Massive leap in efficiency for Driffield potato harvesting system

It’s taken four years to put all the pieces together but it’s definitely been worth the effort, says Richard Scholes of the bespoke potato harvesting system he has devised.



The operation to lift 400ha (990 acres) of potatoes is now handled by just one harvester. Moreover only one tractor – plus a couple of road trucks – is involved in hauling crop from the machine to store.


“We’re using fewer than half the number of people per shift involved previously, machine utilisation has doubled and field traffic is much more controlled and less damaging,” he points out. “And the job’s become a whole lot easier to organise and manage. Having coped with last year’s appalling conditions, I’m convinced we’ve done the right thing.”


Richard Scholes is an advocate of keeping things as simple as possible. The family farming business at Nafferton near Driffield in the East Riding of Yorkshire grows just four potato varieties – Estima, Marfona, Saxon and Harmony – and specialises in washed and prepacked bakers.


The business operates its own washing and packing lines and customers are UK wholesalers, the UK foodservice sector and direct to major retailers in Norway, Sweden and Denmark. In the latter country, especially, the “Scholes” brand is widely recognised for its quality.


“We pack 23,000-25,000t of potatoes annually – of which we grow the majority – mostly on Yorkshire Wolds soils that are fairly shallow and contain a lot of stone,” says Mr Scholes. “But we can produce a really good quality skin finish that has a lot of appeal.”


The complexities of running several harvesters to lift this crop were tackled in time for the 2008 campaign by switching to a single four-row machine, commissioning road-going bulkers with flotation running gear to operate in the field and operating 12-hour, day-and-night shifts to make the most of the investment.


“We started with a blank sheet of paper for the harvester but had some clear ideas of what we wanted to achieve,” says Mr Scholes. “The Dutch manufacturer Agrifac was very responsive and we liked the relative simplicity of the machines it built.”


The Raptor, as Agrifac now calls the harvester, has an 8t capacity bunker so it does not have to run with a trailer constantly alongside but also a picking table for additional cleaning. Instead of tracks, which can suffer when soil cascades on to them from cleaning systems, the machine runs on six individually driven and steered wheels – two tall row-crops at the front and four fat flotations at the rear – for maximum traction and manoeuvrability.


The harvester lifts four individual rows rather than the entire bed, which makes it important to set up and maintain prominent ridges. Large, hydraulically-driven discs either side of the three-piece shares guide soil on to the digger web and the depth control mechanism does without diablos to keep ridges loose and the intake area as open as possible.


Potato harvester










The Agrifac Raptor at the heart of the harvesting system lifts four rows at a time. Novel front engine and hydro transmission installation makes room for a bunker and picking table – and does not cause problems with forward visibility.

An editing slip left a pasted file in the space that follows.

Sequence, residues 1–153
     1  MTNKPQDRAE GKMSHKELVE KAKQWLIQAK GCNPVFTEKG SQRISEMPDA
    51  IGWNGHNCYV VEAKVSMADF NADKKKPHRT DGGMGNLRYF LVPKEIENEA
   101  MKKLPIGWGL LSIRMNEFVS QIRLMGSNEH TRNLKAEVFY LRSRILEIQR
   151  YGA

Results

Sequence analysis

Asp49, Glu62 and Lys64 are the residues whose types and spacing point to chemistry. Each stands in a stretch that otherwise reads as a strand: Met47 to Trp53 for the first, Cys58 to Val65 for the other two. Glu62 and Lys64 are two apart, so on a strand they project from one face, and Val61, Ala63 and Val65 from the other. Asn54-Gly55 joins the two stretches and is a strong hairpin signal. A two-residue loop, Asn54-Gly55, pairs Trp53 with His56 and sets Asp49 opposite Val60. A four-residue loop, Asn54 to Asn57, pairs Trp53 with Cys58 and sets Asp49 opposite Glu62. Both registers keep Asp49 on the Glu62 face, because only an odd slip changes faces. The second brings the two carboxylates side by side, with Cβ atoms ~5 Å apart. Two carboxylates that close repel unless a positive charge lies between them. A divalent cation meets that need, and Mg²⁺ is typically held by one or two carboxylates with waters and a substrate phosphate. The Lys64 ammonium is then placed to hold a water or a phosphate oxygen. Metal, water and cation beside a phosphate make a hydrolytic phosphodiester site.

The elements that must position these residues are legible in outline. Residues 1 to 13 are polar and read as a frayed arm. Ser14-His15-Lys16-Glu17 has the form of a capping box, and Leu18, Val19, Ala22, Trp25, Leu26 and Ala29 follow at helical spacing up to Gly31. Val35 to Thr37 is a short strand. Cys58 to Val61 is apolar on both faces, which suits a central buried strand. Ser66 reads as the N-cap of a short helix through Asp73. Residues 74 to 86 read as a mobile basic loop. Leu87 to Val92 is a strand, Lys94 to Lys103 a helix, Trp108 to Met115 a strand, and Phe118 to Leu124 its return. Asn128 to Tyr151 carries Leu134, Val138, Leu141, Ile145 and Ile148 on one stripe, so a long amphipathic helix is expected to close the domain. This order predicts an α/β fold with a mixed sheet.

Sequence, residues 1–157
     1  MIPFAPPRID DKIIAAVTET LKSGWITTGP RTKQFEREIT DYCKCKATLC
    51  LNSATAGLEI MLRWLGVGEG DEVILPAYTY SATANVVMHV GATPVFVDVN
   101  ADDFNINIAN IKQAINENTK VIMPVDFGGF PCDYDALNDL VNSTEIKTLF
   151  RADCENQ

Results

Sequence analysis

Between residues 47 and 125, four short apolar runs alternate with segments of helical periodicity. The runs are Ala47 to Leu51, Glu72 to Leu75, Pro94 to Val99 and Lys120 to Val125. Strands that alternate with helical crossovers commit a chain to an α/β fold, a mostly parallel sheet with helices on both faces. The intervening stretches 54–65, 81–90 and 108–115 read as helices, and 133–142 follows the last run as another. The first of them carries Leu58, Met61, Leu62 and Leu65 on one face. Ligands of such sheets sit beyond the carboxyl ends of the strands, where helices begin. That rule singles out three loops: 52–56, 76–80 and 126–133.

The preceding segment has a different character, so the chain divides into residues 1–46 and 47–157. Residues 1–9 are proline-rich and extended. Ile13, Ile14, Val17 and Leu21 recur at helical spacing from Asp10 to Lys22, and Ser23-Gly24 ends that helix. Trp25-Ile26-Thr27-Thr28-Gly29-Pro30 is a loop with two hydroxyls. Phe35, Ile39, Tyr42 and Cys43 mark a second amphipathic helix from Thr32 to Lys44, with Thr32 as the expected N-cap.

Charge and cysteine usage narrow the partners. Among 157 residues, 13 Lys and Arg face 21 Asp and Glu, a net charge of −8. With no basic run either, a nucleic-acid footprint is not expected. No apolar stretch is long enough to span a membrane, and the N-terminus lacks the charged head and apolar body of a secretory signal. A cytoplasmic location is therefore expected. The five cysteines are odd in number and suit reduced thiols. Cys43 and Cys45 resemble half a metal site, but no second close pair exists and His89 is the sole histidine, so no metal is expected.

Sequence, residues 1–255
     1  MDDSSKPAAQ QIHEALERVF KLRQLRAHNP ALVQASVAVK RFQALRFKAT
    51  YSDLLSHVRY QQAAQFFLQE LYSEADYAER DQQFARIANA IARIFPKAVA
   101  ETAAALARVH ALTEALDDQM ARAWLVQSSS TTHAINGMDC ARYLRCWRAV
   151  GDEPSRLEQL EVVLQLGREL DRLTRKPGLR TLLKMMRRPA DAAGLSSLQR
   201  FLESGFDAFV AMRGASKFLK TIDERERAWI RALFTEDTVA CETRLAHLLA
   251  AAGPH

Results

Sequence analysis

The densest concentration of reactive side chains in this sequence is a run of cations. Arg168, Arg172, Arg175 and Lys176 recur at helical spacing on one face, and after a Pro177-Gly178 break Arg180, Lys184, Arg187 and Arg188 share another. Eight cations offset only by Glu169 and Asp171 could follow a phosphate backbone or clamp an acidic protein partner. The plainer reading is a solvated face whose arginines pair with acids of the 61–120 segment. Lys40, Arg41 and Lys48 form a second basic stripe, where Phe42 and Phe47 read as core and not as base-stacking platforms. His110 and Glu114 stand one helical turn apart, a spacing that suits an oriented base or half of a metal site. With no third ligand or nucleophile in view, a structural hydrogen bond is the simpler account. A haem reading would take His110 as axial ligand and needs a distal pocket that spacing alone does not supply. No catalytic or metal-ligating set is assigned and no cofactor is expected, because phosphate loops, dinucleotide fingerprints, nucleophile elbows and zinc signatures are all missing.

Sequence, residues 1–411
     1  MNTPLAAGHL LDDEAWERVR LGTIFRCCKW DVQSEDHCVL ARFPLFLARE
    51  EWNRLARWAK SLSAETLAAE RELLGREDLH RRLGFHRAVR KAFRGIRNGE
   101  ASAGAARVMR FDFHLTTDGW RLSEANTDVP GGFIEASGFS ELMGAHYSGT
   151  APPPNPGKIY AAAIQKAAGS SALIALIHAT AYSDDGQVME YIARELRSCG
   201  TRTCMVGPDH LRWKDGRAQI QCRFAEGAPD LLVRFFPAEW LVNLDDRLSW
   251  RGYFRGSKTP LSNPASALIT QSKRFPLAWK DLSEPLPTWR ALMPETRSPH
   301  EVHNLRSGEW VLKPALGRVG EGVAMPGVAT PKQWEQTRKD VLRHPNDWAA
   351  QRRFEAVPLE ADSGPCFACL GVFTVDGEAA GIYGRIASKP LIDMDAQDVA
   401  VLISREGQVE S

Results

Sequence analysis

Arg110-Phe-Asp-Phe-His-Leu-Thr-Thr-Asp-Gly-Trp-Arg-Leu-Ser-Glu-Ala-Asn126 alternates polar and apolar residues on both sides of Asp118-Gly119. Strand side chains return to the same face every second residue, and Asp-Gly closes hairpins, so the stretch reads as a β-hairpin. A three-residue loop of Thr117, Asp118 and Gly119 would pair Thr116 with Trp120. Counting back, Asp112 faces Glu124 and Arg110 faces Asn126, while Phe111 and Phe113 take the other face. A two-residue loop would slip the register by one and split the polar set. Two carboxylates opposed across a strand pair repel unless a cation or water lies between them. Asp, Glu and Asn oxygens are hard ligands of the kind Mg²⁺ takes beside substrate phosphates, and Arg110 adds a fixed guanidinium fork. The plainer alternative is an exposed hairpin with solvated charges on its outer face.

Two further webs sift out soil and convey the crop to a Scotts Evolution spiral roller cleaner before it is elevated to the picking section (which has space for six people but is operated with just two) and then into a bunker.


“Elevator height and bunker conveyor indexing are automatic to keep drops to a minimum,” says Richard Scholes. “The operator gets regular intake analysis damage reports by text from our own quality assurance team to help monitor the harvester settings and operation.”


In place of a fleet of 10 tractors and trailers scurrying around two or three harvesters, there is just one tractor hauling potatoes off the field in five road-going bulkers.


There are two standard units (which will be replaced in time) and three 28t-payload specials from Germany running on triple axles with Michelin XS flotation tyres and with hydraulic tailgates on the tapered aluminium bodies. The 360hp tractor hauls the trailers using a purpose-built fifth-wheel dolley on twin axles.


“The objective here was to reduce the number of tractors and drivers involved and concentrate this important operation into the hands of a skilled operator,” explains Mr Scholes. “It also gives us better control of soil traffic in the field and keeps tractor and trailer outfits of dubious legality off the road.”


Air suspension on the German-built dollies makes life easier when swapping bulkers and allows the front axle to be raised to increase weight transfer to the tractor if traction does become an issue.


“As for soil compaction and the flotation factor, we’re now moving 28t of potatoes using seven axles instead of four, so mobility and soil protection are actually improved using the road trailers,” Richard Scholes insists. “And on the road we’re running them securely and fully road-legally behind a pair of truck units, which travel at a faster pace than a tractor and trailer as well as with vastly greater fuel efficiency.”


The only change to the field-to-store system envisaged is to add a second hopper to the new Tong intake set-up so that the bulkers can be discharged in one go to slash the current 15 to 20 minute turnaround.


As it is, the new approach has dramatically simplified the often complex logistics of a multi-harvester system.


“Four years ago, we needed to assemble around 21 staff for a standard 13-hour shift; now, we need just eight for the 12-hour day and night shifts,” Mr Scholes points out. “Apart from being easier to organise, we can have skilled, experienced people on all the critical operations, which can only help us meet the quality standards we strive to achieve.”